He doesn’t see himself as a fashion designer. “I consider someone like Azzedine Alaïa a designer, I’m more of a Creative Director in that I embrace the idea of a team, an insular group of people I trust in and who advise me. I don’t do advertising but I will guide it, for example. It is sort of like conducting an orchestra.” His maternal grandfather, the former head of a textiles factory, taught him about manufacturing but also how to get a print right, sitting and perfecting it.

Their trips to car boot sales taught him to date and appreciate ceramics, as his grandfather sought out Staffordshire, Prattware, early British Delftware. Anderson doesn’t believe you are born with taste but that the eye can be trained, which must be part of what makes him a diligent study.

Anderson brings ceramicists like Joanna Wasson into his fold now too, through collaboration, boosting their craft while growing his brand.

Cultural conversation

As Kanye West is forever trying to explain to bemused DJs, fashion is DOA if you are not connecting. A voracious appetite for art and culture that’s common to designers he loved as a merchandiser helps keep JW Anderson consistently relevant. Not long before Anderson was photographed, in studded hobnail-boots, as a meteor British Vogue “would put money on” in 2011, I welcomed Raf Simons to the Swiss Textiles Fashion Awards’ tenth anniversary in Zurich.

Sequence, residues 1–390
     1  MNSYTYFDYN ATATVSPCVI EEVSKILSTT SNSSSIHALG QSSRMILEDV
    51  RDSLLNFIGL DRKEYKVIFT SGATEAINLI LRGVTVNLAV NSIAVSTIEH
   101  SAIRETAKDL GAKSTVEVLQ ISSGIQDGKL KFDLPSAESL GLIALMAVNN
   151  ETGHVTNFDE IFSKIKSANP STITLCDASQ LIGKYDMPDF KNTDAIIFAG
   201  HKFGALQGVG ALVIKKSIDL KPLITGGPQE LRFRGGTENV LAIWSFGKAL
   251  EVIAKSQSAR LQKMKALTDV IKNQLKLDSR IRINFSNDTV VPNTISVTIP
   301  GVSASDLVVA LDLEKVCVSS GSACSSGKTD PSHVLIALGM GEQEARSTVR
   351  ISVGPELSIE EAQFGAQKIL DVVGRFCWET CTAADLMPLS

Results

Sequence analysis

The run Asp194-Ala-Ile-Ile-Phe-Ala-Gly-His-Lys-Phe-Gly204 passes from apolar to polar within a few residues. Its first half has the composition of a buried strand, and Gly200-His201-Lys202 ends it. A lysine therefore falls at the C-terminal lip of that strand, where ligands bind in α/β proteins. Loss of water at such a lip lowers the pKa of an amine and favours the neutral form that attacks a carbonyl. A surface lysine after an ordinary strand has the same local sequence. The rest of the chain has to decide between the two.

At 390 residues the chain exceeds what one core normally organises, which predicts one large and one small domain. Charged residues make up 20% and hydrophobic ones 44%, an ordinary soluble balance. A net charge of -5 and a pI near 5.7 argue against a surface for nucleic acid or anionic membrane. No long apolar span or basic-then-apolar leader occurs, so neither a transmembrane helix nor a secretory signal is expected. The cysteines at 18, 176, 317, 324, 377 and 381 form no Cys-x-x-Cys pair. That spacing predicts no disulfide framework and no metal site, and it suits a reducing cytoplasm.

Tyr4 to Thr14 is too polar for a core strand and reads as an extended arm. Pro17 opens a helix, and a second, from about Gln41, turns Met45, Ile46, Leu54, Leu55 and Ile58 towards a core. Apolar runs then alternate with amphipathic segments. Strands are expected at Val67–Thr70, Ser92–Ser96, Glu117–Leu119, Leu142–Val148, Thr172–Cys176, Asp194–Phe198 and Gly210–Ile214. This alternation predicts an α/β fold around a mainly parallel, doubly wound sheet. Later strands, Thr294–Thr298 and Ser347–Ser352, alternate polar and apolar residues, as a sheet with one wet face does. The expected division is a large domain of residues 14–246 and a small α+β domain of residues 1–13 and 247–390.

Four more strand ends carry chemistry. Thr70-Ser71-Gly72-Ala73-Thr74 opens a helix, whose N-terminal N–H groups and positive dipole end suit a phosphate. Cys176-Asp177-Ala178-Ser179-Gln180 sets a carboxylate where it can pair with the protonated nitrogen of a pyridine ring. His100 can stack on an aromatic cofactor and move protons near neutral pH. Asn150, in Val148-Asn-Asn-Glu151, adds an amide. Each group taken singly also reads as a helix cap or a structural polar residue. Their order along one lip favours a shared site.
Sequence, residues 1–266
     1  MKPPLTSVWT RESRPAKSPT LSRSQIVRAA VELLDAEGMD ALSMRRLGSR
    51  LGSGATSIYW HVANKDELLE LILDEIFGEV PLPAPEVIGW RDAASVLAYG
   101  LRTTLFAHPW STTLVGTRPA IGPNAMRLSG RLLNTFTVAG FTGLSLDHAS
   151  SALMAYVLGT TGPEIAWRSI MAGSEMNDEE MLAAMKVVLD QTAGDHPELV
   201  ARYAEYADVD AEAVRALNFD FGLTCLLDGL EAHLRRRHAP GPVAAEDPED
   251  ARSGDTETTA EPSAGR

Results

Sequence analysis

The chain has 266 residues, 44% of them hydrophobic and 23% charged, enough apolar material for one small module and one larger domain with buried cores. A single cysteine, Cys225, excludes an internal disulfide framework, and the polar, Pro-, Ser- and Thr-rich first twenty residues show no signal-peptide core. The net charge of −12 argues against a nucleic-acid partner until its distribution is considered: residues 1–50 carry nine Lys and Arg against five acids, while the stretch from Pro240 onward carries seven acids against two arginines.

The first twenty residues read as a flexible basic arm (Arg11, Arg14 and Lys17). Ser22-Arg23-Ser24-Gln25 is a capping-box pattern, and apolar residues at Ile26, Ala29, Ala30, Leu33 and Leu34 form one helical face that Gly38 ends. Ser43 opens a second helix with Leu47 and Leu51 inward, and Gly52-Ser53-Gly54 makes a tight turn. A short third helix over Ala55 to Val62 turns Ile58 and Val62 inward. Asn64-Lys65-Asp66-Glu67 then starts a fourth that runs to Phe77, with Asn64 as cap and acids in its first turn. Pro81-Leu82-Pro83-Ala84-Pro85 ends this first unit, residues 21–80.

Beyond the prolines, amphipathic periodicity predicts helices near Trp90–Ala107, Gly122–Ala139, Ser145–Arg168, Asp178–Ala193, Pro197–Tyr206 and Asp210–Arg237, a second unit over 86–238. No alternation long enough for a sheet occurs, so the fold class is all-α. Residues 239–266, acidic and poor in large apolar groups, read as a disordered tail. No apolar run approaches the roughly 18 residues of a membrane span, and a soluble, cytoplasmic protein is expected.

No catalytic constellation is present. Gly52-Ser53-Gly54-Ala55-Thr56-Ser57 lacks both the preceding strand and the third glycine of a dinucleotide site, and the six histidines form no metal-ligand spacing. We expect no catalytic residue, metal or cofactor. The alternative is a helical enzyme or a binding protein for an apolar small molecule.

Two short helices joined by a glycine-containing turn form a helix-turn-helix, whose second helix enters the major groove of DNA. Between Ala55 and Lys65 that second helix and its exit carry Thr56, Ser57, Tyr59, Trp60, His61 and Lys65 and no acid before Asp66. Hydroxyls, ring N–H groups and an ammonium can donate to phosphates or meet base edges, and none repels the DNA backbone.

Arriving from the airport in studded Prada loafers, a backpack over his shoulder, he wanted not a seat but directions to the nearest museums and galleries, so he could make efficient use of the short time before the evening’s events. Yes, all of them. Dior and I shows Simons’ marriage of graffiti artist Sterling Ruby with haute couture, a previously unimaginable fusion. Anderson demonstrates the same compound eye, drawing inspiration from endless angles.